When choosing between conventional power and green power, make sure to consider the environmental costs and benefits of each option. Fossil fuels and nuclear fission emit greenhouse gases and have environmental costs associated with mining, drilling, and extraction. Nuclear power generation produces no greenhouse gases during power generation but requires long-term storage of radioactive waste. For these reasons, it is not a good option for many households or businesses. Instead, opt for renewable sources of energy.
Renewable energy sources
We have been relying on non-renewable energy sources for thousands of years. These have been used to heat homes, power boats, and grind grain. However, these fossil fuels have negative effects on the environment and are contributing to global warming. By contrast, renewable energy sources are plentiful, ongoing, and free. Solar energy is a growing energy source and is used in agriculture and forestry. Biomass is a niche source of electricity but is becoming more common with the advancement of solar cells.
Other renewable energy sources can be used to generate electricity. For example, solar photovoltaic systems generate electricity directly. But in order to be effective, these systems must be converted into a steam or dynamo. In addition, renewable energy sources must be duplicated to meet demand and must be combined with large-scale electricity storage. This can be done through battery storage. And while solar photovoltaic systems are a great option for green power, there are many more issues to consider.
While the levelised cost of electricity from renewable energy sources is often more affordable than fossil fuels, some technologies require subsidies or a backup capacity. Wind and solar photovoltaic technology have made major advancements in recent decades, while solar thermal systems show great potential in sunny climates. Moreover, government support for renewable energy sources has reduced the costs, and solar and wind technologies are now competitive with fossil fuels. However, these technologies are not free from carbon emissions charges.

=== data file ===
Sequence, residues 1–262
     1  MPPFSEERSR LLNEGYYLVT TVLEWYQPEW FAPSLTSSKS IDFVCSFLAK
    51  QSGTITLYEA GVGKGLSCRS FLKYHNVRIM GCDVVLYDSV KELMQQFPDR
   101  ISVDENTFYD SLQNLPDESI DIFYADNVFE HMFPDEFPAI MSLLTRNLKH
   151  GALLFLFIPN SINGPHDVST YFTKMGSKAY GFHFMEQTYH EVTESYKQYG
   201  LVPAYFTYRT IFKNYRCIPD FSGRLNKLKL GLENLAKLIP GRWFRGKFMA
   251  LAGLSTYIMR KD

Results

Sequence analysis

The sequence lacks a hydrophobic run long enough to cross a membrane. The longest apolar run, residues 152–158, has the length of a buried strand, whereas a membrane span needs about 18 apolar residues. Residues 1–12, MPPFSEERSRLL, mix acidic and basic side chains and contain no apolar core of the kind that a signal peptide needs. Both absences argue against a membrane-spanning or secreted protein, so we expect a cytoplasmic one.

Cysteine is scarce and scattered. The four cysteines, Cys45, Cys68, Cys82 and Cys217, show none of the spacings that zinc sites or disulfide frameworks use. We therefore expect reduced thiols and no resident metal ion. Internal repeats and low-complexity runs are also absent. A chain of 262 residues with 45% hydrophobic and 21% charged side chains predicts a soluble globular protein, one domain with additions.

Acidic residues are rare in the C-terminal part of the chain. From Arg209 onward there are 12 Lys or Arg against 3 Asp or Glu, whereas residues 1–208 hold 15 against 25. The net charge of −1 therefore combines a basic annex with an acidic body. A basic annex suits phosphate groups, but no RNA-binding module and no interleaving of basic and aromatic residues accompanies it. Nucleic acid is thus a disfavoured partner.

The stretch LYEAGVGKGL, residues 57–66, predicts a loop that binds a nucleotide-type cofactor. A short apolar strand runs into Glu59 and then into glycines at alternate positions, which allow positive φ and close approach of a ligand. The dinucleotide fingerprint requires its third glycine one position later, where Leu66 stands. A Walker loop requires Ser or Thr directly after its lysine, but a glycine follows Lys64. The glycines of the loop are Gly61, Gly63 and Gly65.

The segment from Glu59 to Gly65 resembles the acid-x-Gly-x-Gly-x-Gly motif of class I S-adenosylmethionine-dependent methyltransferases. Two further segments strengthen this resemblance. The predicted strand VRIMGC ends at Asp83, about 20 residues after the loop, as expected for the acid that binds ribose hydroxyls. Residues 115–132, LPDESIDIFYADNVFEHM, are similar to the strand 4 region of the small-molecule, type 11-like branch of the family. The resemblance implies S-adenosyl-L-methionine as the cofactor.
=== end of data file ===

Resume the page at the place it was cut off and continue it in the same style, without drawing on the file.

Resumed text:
Hydrogen is a byproduct of renewable energy. Hydrolysis, the process in which water molecules split into hydrogen and oxygen, is created by excess renewable electricity. Hydrogen can be used in various applications, and it burns cleanly. Hydrogen can also be stored in fuel cells, which act like batteries in the production of electricity. Some types of cars run on hydrogen fuel cells. You can calculate your carbon dioxide offset by enrolling in a renewable power program.
There are many renewable energy sources in Canada. Canada's biomass resources are plentiful, and biomass is one of the fastest growing sources of electricity in Canada. Historically, wood has been used for cooking and space heating. Today, about 4.6 percent of households use wood for space heating, which is about seven percent of all residential energy. Further, the use of wood has many uses in Canada. A recent study concluded that wood energy produces approximately eight-gigawatt hours of electricity each year.
Bioenergy is often touted as the answer to the climate crisis, but it fails to live up to its promises. Two new bills in Texas could put the Prairie State on the path to 100 percent renewable energy. However, Texas's fossil fuel tax breaks outstrip its renewable energy tax credits by about two to one. The city of Albuquerque is making a big push toward renewable power and is building a solar workforce to keep the city on track.
Zero-emission energy sources
While solar and wind power can help power the grid, they are not the only options. Many utilities will have to re-configure their plans if they want to achieve their zero-emissions goal. Next-generation technologies like long-duration energy storage and small modular nuclear reactors are needed to achieve this goal. Another option is natural gas peaker plants that can run on methane and green hydrogen.
Geothermal energy is stored underground and needs drilling to access it, but it can be a huge resource if properly harnessed. Thousands of years ago, geothermal energy was used for bathing in hot springs, but this natural energy can be captured and converted into electricity through turbines. If harnessed, geothermal energy can produce as much as 10 times the amount of electricity that coal does.
Oxy-fuel combustion technology was developed by Clean Energy Systems, a company with decades of experience in clean power. The company's technology utilizes pure oxygen for fuel combustion, producing zero atmospheric pollution and commercial CO2.